Manually grading structural changes with the modified Stoke Ankylosing Spondylitis Spinal Score (mSASSS) on spinal X-ray imaging is costly and time-consuming due to bone shape complexity and image quality variations. In this study, we address this challenge by prototyping a 2-step auto-grading pipeline, called VertXGradeNet, to automatically predict mSASSS scores for the cervical and lumbar vertebral units (VUs) in X-ray spinal imaging. The VertXGradeNet utilizes VUs generated by our previously developed VU extraction pipeline (VertXNet) as input and predicts mSASSS based on those VUs. VertXGradeNet was evaluated on an in-house dataset of lateral cervical and lumbar X-ray images for axial spondylarthritis patients. Our results show that VertXGradeNet can predict the mSASSS score for each VU when the data is limited in quantity and imbalanced. Overall, it can achieve a balanced accuracy of 0.56 and 0.51 for 4 different mSASSS scores (i.e., a score of 0, 1, 2, 3) on two test datasets. The accuracy of the presented method shows the potential to streamline the spinal radiograph readings and therefore reduce the cost of future clinical trials.
Reliable vertebrae annotations are key to perform analysis of spinal X-ray images. However, obtaining annotation of vertebrae from those images is usually carried out manually due to its complexity (i.e. small structures with varying shape), making it a costly and tedious process. To accelerate this process, we proposed an ensemble pipeline, VertXNet, that combines two state-of-the-art (SOTA) segmentation models (respectively U-Net and Mask R-CNN) to automatically segment and label vertebrae in X-ray spinal images. Moreover, VertXNet introduces a rule-based approach that allows to robustly infer vertebrae labels (by locating the 'reference' vertebrae which are easier to segment than others) for a given spinal X-ray image. We evaluated the proposed pipeline on three spinal X-ray datasets (two internal and one publicly available), and compared against vertebrae annotated by radiologists. Our experimental results have shown that the proposed pipeline outperformed two SOTA segmentation models on our test dataset (MEASURE 1) with a mean Dice of 0.90, vs. a mean Dice of 0.73 for Mask R-CNN and 0.72 for U-Net. To further evaluate the generalization ability of VertXNet, the pre-trained pipeline was directly tested on two additional datasets (PREVENT and NHANES II) and consistent performance was observed with a mean Dice of 0.89 and 0.88, respectively. Overall, VertXNet demonstrated significantly improved performance for vertebra segmentation and labeling for spinal X-ray imaging, and evaluation on both in-house clinical trial data and publicly available data further proved its generalization.
Manual annotation of vertebrae on spinal X-ray imaging is costly and time-consuming due to bone shape complexity and image quality variations. In this study, we address this challenge by proposing an ensemble method called VertXNet, to automatically segment and label vertebrae in X-ray spinal images. VertXNet combines two state-of-the-art segmentation models, namely U-Net and Mask R-CNN to improve vertebrae segmentation. A main feature of VertXNet is to also infer vertebrae labels thanks to its Mask R-CNN component (trained to detect 'reference' vertebrae) on a given spinal X-ray image. VertXNet was evaluated on an in-house dataset of lateral cervical and lumbar X-ray imaging for ankylosing spondylitis (AS) patients. Our results show that VertXNet can accurately label spinal X-rays (mean Dice of 0.9). It can be used to circumvent the lack of annotated vertebrae without requiring human expert review. This step is crucial to investigate clinical associations by solving the lack of segmentation, a common bottleneck for most computational imaging projects.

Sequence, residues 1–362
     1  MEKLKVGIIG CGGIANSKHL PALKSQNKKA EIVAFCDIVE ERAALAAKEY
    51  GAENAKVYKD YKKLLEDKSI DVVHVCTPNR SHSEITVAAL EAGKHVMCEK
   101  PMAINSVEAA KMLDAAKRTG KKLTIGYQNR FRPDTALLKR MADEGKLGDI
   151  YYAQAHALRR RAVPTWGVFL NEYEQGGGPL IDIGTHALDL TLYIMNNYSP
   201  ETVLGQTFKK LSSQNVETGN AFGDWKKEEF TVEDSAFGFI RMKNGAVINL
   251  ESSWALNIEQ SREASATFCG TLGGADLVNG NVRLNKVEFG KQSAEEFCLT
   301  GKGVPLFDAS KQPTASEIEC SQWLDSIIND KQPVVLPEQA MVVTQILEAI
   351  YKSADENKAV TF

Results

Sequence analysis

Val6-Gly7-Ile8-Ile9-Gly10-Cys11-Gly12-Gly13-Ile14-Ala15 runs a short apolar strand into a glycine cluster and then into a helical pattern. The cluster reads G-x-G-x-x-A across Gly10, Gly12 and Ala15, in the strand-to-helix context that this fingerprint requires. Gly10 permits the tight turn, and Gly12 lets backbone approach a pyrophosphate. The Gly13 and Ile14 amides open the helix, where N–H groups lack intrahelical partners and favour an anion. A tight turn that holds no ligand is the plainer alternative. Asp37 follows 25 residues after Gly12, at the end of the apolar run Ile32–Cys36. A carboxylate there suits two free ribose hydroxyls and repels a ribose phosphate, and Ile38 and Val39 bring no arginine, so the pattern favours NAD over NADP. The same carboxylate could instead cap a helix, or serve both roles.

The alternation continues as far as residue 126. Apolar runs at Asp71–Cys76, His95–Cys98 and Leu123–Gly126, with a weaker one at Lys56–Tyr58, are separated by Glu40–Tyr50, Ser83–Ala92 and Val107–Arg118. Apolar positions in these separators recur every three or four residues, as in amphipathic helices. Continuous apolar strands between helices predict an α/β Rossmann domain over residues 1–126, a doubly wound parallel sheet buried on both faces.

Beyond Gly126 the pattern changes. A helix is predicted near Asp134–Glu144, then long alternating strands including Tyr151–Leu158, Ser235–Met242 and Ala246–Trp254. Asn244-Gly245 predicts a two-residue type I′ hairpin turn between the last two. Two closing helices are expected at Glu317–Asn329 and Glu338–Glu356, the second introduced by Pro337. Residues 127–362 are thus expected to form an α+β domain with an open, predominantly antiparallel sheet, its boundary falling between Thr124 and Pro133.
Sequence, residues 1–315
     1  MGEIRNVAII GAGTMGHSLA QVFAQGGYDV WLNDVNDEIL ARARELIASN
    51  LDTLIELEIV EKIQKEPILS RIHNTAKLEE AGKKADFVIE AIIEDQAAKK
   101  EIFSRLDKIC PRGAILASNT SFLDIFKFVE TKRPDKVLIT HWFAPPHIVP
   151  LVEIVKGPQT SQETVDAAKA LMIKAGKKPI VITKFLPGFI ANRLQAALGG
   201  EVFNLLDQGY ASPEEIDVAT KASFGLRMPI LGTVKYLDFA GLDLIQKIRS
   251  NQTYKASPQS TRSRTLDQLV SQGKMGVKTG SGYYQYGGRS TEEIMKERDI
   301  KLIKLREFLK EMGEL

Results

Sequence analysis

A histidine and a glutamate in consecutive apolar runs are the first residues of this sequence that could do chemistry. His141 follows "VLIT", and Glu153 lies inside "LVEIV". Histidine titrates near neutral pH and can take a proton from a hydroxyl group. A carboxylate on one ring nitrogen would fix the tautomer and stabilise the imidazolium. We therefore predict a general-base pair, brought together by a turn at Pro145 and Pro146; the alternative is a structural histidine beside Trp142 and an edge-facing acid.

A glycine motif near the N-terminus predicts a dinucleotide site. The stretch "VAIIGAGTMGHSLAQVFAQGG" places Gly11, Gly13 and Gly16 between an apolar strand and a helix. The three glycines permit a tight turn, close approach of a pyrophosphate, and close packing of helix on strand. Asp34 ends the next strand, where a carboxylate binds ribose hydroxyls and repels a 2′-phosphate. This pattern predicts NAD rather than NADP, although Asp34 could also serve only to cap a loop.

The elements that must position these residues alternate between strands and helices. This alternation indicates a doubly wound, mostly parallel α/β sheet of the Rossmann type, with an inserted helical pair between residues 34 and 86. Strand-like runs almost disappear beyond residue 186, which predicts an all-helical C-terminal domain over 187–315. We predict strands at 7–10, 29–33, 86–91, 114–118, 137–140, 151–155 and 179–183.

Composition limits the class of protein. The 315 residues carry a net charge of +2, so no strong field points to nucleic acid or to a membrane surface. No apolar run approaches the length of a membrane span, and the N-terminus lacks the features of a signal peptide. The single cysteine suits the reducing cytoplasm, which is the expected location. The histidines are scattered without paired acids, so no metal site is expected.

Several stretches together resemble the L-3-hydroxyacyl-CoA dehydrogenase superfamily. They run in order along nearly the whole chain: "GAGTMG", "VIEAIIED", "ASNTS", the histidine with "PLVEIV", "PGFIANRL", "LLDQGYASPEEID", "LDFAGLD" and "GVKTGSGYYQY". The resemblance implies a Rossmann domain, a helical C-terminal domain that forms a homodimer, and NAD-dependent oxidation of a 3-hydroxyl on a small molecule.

Sharing data from clinical studies can facilitate innovative data-driven research and ultimately lead to better public health. However, sharing biomedical data can put sensitive personal information at risk. This is usually solved by anonymization, which is a slow and expensive process. An alternative to anonymization is sharing a synthetic dataset that bears a behaviour similar to the real data but preserves privacy. As part of the collaboration between Novartis and the Oxford Big Data Institute, we generate a synthetic dataset based on COSENTYX (secukinumab) Ankylosing Spondylitis (AS) clinical study. We apply an Auxiliary Classifier GAN (ac-GAN) to generate synthetic magnetic resonance images (MRIs) of vertebral units (VUs). The images are conditioned on the VU location (cervical, thoracic and lumbar). In this paper, we present a method for generating a synthetic dataset and conduct an in-depth analysis on its properties of along three key metrics: image fidelity, sample diversity and dataset privacy.